Lockheed Martin has unveiled Norway’s first F-35A, marking the start of a 10-year endeavour by the Royal Norwegian Air Force (RNoAF) to phase out the Lockheed F-16 and achieve full operating capability with its stealthy, multi-role replacement, by 2025.

The long, coastal nation, which shares a border with Russia, is depending on the introduction of the F-35 to guard its high north region, and the Norwegian government has already committed to purchasing 22 of its 52-aircraft requirement.

RNoAF chief of staff Maj Gen Per Egil Rygg says the 22 September unveiling of aircraft AM-1 at the final assembly and checkout facility, in Fort Worth, Texas, is a significant milestone – but now the real work of bringing the F-35 into service begins.

“We’ve been preparing for this day for a long time, and now we get the aircraft. We can ship it over to [Luke AFB in Arizona] and we start flying it after some initial testing in January 2016,” Rygg said in an interview after the roll-out ceremony. “Now the work starts for the air force, and this is the start for the next 50 years as far as I’m concerned.”

Norwegian F-35

Lockheed unveiled the first of 52 Norwegian F-35As 22 September at the production plant in Fort Worth, Texas.

James Drew/Flightglobal

Norway’s second aircraft, AM-2, will be delivered later this year. In all, four RNoAF aircraft will be stationed at the multinational pilot training school at Luke AFB and the first of 48 operational aircraft will arrive, in-country, in 2017 to support initial operational capability (IOC) in 2019.

At the ceremony, which was aired live on television in Norway, US officials heaped praise on the country for its steadfast commitment to the multibillion dollar aircraft programme, even when development problems and cost and schedule growth – which sparked a major programme rebaselining in 2010 and 2011 – threatened to derail the F-35.

Norway signed up as a programme partner in 2008, and notably increased its planned procurement quantities even as other nations reduced their numbers due to cost pressure.

Today, there is general consensus that the F-35 has turned a corner, and now the enterprise is on the cusp of a major production ramp up – from 45 aircraft this year to about 120 by 2019.

According to the Pentagon’s F-35 program executive officer Lt Gen Christopher Bogdan, the Joint Strike Fighter community will be under immense pressure over the next four years as it seeks to open 17 new F-35 operating locations around the world and increase the multinational fleet from about 150 aircraft to more than 500 by 2019. Meanwhile, the supplier base is likely to struggle to produce enough spare parts to support the growing fleet while also delivering retrofit kits and modifications for those 500 jets, which will be produced concurrently before the end of development and testing.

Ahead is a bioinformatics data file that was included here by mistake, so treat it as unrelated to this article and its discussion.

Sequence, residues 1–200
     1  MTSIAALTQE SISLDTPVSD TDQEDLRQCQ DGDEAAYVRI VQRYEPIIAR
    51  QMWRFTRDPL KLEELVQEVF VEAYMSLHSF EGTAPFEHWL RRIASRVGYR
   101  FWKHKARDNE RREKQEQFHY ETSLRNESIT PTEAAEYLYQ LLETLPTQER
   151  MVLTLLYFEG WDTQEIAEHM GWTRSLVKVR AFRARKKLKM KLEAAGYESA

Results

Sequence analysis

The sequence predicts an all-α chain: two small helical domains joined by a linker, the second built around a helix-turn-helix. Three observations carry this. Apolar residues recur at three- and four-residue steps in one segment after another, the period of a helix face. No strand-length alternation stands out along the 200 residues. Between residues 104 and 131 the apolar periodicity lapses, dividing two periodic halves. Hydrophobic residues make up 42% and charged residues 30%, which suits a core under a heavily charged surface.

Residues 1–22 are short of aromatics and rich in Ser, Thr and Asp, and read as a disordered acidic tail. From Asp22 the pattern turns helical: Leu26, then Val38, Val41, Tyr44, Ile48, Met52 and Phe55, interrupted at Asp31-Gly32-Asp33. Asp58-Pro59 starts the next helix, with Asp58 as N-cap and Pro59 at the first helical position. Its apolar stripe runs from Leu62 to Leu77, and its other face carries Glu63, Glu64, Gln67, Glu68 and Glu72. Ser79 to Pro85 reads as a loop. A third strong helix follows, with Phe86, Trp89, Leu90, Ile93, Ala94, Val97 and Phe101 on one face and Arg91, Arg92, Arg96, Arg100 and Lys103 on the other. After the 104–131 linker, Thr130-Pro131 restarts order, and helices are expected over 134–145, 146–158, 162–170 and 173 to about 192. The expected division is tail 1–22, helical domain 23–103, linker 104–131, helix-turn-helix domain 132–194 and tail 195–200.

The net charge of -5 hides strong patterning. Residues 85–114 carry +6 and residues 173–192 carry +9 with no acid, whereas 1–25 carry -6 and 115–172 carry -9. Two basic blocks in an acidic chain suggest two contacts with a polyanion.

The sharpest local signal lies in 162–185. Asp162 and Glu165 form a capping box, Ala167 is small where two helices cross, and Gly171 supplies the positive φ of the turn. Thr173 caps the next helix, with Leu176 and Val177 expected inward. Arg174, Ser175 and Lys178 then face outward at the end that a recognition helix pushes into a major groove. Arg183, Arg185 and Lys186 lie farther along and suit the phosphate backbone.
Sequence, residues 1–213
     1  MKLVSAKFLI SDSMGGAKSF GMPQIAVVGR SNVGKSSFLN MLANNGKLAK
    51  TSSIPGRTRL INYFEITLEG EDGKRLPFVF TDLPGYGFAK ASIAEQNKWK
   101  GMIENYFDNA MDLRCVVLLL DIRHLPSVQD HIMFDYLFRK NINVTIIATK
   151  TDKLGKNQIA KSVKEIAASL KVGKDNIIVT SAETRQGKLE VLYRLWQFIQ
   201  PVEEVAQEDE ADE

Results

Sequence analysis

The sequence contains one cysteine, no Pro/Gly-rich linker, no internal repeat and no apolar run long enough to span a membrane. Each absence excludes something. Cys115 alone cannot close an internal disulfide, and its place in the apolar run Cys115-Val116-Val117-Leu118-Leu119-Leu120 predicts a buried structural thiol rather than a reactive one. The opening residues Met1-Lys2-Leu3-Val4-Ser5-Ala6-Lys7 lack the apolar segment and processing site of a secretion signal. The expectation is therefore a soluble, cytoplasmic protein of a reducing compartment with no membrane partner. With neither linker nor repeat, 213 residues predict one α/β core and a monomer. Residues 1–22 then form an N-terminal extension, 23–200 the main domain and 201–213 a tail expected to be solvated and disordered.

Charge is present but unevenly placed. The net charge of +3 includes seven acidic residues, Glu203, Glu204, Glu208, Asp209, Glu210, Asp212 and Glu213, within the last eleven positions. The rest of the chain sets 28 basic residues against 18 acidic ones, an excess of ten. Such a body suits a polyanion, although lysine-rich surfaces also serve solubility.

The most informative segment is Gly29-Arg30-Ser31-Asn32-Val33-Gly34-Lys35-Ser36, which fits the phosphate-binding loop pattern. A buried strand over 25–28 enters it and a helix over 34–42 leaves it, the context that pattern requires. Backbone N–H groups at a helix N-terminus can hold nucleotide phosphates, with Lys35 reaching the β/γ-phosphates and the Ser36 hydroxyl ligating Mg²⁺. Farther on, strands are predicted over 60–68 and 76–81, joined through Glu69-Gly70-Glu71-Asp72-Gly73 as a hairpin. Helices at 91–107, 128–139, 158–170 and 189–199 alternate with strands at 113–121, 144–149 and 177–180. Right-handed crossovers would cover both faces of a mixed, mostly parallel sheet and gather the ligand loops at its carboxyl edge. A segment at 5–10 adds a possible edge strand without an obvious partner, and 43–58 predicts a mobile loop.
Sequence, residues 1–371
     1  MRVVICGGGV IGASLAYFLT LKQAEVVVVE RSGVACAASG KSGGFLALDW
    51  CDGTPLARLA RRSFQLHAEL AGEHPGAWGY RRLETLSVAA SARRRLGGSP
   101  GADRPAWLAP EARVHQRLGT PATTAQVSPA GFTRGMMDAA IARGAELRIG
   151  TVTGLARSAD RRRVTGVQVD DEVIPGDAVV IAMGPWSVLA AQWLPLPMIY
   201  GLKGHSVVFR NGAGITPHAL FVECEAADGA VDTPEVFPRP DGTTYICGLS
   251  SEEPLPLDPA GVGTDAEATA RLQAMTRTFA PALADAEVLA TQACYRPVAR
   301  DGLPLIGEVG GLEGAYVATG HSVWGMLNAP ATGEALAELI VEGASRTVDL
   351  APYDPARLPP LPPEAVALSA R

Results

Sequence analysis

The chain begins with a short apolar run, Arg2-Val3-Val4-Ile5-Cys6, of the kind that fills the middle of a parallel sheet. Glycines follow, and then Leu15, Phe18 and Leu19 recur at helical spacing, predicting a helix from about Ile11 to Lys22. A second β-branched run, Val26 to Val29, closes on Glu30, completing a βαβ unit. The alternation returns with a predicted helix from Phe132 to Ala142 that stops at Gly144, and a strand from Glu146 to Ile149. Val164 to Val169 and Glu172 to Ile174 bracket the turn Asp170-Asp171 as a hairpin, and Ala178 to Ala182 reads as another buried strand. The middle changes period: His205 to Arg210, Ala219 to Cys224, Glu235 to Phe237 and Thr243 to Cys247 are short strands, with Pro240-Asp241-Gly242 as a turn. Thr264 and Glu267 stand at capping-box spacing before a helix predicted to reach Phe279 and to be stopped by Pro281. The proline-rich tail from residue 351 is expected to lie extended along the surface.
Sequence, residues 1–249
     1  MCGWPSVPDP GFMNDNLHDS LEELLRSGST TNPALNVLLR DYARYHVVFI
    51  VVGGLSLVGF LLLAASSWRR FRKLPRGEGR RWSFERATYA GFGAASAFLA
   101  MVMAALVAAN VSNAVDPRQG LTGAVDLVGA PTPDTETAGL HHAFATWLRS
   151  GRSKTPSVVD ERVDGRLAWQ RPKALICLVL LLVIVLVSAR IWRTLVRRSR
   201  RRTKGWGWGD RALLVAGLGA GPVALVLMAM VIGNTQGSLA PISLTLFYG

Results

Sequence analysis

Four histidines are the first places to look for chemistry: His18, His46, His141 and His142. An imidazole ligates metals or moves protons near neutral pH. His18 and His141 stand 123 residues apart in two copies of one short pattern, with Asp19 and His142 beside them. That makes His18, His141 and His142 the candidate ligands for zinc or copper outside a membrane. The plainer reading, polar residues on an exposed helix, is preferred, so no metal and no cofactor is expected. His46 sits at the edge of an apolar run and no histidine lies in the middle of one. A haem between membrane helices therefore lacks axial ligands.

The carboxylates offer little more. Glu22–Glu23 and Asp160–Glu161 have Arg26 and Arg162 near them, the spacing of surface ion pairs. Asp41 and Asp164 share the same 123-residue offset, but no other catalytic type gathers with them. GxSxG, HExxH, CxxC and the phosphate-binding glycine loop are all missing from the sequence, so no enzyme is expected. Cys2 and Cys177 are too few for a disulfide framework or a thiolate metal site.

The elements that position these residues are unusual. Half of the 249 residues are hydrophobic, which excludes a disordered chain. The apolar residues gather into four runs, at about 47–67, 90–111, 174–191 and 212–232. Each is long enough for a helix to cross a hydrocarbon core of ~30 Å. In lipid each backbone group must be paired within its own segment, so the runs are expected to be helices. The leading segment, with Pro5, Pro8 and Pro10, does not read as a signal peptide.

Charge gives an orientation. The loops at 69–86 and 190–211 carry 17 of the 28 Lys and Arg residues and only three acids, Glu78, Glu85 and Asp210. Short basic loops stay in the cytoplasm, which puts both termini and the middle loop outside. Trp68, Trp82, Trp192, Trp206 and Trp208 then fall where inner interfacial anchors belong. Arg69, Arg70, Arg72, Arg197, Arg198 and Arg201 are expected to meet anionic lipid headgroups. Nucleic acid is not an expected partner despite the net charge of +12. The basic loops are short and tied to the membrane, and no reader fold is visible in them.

The programme also faces several potentially damaging obstacles that are largely outside of its control, including decisions by Denmark and Canada about whether to stay in the programme, and budget gridlock in Washington that threatens to keep the US Department of Defense's production quantities at the current level.

Speaking after the ceremony, Bogdan and Pentagon acquisition czar Frank Kendall warned about the damaging impact of another government shutdown or a year-long continuing budget resolution that would cap defence spending at FY2015 levels.

“It’s disappointing where we finally hit the point where the programme is mature enough and successful enough to begin our ramp-up, and right at the moment we step off to do that, we’re put in a situation where next year, 19 airplanes – 16 US Air Force A-models and three B-models for the Marine Corps – may not be able to be purchased,” Bogdan says.

“Those airplanes are moving down the production line today, so if we’re not able to buy them in fiscal year 2016, we’ll have to do something to ensure those airplanes eventually get bought. A disruption to the production line or the business scenario there is just disappointing.”

The programme is relying on increased quantities of orders and other measures to reduce the cost per aircraft from more than $100 million to about $85 million by 2019.

Unless the costs come down substantially, programme officials fear another cull to the procurement numbers, below the current cumulative projection of 3,170.

Lockheed F-35 programme general manager Lorraine Martin says the company is aggressively pursuing the $80-85 million aircraft cost target, and is also striving to reduce the operating and sustainment cost by 30% below current estimates.

One way to garner procurement savings and inject some much-needed budget stability into the programme is a three-year “block buy”, being considered in 2018.

Martin tells Flightglobal the three-year block buy would commit the participating governments to a certain quantity, which would drive savings and programme stability.

“Stability is very important to our programme, our supply chain and to our customers who need to depend on this aircraft,” she says.

Norwegian F-35

James Drew/Flightglobal

Source: FlightGlobal.com